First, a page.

(2.) Prayer and thanksgiving 1 Ti 2:1 are directed to be offered, not for some of all ranks and conditions, but for all mankind. No exception is made, and no direction is given that we should exclude any of the race from the expressions of our sympathy, and from an interest in our supplications. The reason given here for that prayer is, that God desires that all men should be saved. But how could this be a reason for praying for all, if it means that God desired only the salvation of some of all ranks?
(3.) In 1 Ti 2:5,6, the apostle gives reasons showing that God wished the salvation of all men, and those reasons are such as to prove that the language here is to be taken in the most unlimited sense. Those reasons are,
(a) that there is one God over all, and one Mediator between God and men—showing that God is the Father of all, and has the same interest in all; and
(b) that Christ gave himself a ransom for all—showing that God desired their salvation.
This verse proves:
(1.) that salvation is provided for all —for if God wished all men to be saved, he would undoubtedly make provision for their salvation; and if he had not made such provision, it could not be said that he desired their salvation, since no one can doubt that he has power to provide for the salvation of all;
(2.) that salvation should be offered to all men—for if God desires it, it is right for his ministers to announce that desire, and if he desires it, it is not proper for them to announce anything contrary to this;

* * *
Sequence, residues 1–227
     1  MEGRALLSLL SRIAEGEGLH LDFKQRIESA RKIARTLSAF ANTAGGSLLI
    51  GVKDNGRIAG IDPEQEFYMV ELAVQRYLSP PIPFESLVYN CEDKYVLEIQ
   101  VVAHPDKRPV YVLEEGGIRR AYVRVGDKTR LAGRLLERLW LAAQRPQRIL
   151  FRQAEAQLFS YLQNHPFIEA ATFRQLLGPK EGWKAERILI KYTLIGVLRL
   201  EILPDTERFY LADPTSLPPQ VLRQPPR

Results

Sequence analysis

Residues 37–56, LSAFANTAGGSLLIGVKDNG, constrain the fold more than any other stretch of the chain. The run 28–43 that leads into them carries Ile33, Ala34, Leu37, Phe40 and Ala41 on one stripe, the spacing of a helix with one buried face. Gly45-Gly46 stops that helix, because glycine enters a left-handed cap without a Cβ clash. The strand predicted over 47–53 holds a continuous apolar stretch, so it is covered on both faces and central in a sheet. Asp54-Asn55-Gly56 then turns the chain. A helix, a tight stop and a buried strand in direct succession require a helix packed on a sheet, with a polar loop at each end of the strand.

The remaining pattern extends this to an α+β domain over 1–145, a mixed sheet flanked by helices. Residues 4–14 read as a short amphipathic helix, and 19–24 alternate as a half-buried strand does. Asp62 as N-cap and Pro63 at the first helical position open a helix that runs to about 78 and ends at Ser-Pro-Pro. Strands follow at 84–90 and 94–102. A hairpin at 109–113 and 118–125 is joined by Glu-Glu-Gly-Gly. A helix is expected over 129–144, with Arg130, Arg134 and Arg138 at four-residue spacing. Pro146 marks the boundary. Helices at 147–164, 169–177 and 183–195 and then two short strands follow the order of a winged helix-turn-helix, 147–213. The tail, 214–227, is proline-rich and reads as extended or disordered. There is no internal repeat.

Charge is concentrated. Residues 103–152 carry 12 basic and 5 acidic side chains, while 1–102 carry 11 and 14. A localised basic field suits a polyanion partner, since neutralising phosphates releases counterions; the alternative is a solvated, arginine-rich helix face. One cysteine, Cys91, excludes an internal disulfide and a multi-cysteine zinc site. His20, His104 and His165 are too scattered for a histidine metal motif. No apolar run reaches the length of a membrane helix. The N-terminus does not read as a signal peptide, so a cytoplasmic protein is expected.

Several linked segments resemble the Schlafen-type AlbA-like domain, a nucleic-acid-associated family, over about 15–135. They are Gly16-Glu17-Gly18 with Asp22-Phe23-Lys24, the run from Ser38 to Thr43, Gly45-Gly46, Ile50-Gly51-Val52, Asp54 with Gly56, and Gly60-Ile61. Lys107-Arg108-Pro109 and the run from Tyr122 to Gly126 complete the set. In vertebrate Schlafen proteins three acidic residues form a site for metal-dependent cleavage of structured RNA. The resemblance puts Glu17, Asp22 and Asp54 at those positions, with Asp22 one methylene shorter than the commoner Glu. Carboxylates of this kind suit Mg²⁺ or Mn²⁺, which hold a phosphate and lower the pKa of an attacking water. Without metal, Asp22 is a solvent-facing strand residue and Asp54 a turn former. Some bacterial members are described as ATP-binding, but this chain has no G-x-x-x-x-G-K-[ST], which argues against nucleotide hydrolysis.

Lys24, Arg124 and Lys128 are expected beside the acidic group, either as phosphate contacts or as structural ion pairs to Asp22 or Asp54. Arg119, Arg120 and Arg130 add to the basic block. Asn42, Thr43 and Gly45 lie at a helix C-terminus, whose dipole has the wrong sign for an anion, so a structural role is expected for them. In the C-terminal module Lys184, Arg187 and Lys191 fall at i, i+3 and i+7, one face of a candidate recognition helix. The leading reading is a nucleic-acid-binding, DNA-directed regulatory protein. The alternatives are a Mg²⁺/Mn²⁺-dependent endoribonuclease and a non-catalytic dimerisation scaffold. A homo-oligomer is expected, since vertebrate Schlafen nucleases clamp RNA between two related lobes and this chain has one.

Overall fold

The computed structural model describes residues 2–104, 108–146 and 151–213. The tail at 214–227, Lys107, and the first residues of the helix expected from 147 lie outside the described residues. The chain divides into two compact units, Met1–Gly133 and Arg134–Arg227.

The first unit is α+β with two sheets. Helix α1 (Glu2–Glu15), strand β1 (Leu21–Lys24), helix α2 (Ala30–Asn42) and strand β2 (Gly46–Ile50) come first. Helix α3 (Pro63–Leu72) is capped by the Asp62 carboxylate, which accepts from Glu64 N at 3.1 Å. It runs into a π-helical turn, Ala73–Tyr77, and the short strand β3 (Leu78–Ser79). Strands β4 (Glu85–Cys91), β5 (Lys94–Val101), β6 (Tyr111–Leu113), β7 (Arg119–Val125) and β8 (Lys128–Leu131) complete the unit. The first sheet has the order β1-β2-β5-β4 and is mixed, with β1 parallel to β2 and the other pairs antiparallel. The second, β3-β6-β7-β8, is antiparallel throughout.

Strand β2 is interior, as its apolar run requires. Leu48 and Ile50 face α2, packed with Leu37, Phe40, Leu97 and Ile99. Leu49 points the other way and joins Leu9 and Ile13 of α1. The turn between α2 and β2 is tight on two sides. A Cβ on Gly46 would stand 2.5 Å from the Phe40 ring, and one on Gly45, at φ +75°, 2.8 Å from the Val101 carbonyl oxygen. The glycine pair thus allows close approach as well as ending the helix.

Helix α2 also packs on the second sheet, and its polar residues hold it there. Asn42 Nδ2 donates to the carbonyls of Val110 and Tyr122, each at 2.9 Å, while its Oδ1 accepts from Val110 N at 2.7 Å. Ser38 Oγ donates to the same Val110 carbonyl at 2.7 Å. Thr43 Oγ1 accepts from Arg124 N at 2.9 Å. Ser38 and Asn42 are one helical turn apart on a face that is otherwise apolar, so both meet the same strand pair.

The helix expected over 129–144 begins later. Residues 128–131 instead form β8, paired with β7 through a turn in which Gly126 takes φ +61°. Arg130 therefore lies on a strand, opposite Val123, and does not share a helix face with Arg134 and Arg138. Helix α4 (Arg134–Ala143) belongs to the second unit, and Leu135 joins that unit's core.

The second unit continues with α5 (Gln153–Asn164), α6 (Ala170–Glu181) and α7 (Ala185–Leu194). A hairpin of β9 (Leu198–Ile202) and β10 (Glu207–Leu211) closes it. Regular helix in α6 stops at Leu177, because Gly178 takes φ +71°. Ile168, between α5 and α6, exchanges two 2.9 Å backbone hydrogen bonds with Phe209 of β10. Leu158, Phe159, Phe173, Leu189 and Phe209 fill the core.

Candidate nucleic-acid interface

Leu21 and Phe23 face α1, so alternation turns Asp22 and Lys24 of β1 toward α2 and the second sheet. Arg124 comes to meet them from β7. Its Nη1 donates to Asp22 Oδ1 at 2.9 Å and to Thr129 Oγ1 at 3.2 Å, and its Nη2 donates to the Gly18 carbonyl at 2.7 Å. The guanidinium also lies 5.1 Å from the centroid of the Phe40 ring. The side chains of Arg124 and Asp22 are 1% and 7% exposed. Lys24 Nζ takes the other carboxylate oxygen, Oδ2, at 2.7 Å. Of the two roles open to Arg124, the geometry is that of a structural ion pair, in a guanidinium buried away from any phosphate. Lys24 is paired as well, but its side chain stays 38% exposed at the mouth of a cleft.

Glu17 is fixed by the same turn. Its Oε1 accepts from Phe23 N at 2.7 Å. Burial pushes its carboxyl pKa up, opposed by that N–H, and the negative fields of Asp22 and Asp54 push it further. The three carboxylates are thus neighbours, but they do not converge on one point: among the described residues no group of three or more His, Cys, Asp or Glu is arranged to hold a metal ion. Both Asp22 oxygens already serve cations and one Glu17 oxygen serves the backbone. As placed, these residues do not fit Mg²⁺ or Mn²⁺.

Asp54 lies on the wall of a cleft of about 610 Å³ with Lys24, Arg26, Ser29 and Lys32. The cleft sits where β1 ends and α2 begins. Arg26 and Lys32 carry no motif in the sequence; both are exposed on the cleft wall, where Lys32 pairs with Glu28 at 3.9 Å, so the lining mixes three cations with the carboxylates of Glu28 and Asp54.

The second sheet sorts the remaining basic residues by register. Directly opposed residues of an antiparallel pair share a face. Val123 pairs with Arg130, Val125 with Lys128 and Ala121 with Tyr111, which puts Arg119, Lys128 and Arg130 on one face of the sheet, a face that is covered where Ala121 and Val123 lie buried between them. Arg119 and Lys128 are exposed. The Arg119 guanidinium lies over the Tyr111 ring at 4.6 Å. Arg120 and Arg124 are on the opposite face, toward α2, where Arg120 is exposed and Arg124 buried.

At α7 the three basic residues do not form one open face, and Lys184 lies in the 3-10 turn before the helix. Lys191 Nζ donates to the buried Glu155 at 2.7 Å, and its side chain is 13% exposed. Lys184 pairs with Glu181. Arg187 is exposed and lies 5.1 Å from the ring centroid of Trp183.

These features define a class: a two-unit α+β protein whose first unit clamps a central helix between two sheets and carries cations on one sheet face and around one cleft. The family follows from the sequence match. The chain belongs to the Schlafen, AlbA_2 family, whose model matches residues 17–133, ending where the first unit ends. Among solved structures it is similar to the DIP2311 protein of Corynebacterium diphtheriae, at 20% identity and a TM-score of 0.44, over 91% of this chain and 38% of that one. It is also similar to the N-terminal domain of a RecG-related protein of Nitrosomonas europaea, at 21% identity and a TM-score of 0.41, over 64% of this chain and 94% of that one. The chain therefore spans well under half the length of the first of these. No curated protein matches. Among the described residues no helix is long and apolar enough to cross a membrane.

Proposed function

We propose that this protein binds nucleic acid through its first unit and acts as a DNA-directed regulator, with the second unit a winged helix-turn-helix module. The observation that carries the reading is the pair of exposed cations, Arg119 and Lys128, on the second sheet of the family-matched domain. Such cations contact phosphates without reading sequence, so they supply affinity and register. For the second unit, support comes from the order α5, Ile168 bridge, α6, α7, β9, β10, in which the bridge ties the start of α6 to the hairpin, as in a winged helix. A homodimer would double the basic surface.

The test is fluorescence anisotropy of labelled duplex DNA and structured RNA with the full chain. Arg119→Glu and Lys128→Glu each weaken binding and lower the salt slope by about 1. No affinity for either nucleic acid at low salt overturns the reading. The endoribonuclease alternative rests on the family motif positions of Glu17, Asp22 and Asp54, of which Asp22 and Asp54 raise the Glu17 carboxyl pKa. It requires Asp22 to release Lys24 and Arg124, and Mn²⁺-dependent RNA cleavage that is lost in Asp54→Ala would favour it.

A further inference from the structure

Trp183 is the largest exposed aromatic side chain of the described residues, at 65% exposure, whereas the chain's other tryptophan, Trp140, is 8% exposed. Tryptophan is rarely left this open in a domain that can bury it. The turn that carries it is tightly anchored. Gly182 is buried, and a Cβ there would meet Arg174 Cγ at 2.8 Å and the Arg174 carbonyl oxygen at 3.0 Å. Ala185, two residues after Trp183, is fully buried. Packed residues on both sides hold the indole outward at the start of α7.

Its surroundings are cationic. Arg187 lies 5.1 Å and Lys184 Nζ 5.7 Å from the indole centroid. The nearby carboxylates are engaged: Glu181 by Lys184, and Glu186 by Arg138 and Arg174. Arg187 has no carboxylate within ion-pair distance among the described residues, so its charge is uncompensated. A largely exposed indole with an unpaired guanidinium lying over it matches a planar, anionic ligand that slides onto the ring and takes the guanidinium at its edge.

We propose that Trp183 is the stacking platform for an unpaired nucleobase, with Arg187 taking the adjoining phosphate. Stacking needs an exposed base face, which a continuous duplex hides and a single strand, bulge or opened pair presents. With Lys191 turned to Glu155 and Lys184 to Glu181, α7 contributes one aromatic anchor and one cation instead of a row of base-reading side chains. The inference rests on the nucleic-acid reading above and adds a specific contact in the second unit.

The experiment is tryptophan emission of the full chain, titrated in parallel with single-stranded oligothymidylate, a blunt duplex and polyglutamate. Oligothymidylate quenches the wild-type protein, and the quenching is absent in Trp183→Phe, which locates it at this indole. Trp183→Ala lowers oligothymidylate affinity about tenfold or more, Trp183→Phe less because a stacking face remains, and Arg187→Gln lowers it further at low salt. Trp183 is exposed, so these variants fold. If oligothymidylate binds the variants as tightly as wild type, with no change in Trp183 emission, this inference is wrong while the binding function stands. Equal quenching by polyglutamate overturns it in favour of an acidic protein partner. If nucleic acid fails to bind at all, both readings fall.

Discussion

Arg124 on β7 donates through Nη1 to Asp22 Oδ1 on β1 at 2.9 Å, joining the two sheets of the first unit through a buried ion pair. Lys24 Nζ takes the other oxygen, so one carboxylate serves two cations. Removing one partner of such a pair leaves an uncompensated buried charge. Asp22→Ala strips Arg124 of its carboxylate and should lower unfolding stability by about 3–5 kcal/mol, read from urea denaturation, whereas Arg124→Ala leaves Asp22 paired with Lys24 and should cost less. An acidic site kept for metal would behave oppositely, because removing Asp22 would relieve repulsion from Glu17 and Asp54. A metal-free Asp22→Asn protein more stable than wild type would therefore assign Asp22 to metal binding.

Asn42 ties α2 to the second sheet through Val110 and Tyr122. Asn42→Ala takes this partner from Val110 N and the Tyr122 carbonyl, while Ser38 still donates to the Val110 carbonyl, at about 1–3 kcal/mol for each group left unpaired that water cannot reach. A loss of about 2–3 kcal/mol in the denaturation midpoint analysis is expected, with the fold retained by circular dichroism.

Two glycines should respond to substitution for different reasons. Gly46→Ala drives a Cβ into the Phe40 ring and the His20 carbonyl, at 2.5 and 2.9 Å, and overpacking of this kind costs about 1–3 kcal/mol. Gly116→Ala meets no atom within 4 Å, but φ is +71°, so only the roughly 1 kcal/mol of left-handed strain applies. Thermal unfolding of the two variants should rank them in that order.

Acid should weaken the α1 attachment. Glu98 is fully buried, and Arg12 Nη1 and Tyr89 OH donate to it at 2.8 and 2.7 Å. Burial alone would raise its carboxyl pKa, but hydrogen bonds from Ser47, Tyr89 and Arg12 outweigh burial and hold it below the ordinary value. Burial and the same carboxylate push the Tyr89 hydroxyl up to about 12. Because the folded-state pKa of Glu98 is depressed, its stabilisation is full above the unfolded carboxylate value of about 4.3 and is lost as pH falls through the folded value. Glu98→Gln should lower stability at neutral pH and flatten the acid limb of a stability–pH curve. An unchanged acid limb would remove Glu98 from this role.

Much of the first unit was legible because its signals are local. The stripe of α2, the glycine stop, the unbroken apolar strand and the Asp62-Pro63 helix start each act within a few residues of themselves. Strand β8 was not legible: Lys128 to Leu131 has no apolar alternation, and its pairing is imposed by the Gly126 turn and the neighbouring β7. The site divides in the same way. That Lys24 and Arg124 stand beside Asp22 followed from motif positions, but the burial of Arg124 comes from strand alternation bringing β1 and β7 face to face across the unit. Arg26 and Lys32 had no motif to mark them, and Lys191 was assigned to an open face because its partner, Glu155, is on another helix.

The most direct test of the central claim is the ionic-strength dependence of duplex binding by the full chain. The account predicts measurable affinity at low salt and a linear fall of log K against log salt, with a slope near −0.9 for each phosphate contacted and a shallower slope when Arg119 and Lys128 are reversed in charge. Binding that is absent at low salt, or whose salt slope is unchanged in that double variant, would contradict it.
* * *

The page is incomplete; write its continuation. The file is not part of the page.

(3.) that men are to blame if they are not saved. If God did not wish their salvation, and if he had made no provision for it, they could not be to blame if they rejected the gospel. If God wishes it, and has made provision for it, and they are not saved, the sin must be their own—and it is a great sin, for there is no greater crime which a man can commit than to destroy his own soul, and to make himself the eternal enemy of his Maker.
And to come unto the knowledge of the truth. The truth which God has revealed: the “truth as it is in Jesus.”
Note: While I would not argue that Charles Finney was an Arminian but a moral government theologian, I do agree with some of Finney’s writings (though not all). Below Finney defines the atonement of Christ and for whom did Jesus die. An Arminian could easily read this and agree with Finney for what he calls a general atonement.
1. God does all things for himself; that is, he consults his own glory and happiness, as the supreme and most influential reason for all his conduct. This is wise and right in him, because his own glory and happiness are infinitely the greatest good in and to the universe. He made the atonement to satisfy himself. “God so loved the world, that he gave his only begotten Son, that whosoever believeth in him should not perish, but have everlasting life.” God himself, then, was greatly benefited by the atonement: in other words, his happiness has in a great measure resulted from its contemplation, execution, and results.
2. He made the atonement for the benefit of the universe. All holy beings are, and must be, benefited by it, from its very nature, as it gives them a higher knowledge of God than ever they had before, or ever could have gained in any other way. The atonement is the greatest work that he could have wrought for them, the most blessed and excellent, and benevolent thing he could have done for them. For this reason, angels are described as desiring to look into the atonement. The inhabitants of heaven are represented as being deeply interested in the work of atonement, and those displays of the character of God that are made in it. The atonement is then no doubt one of the greatest blessings that ever God conferred upon the universe of holy beings.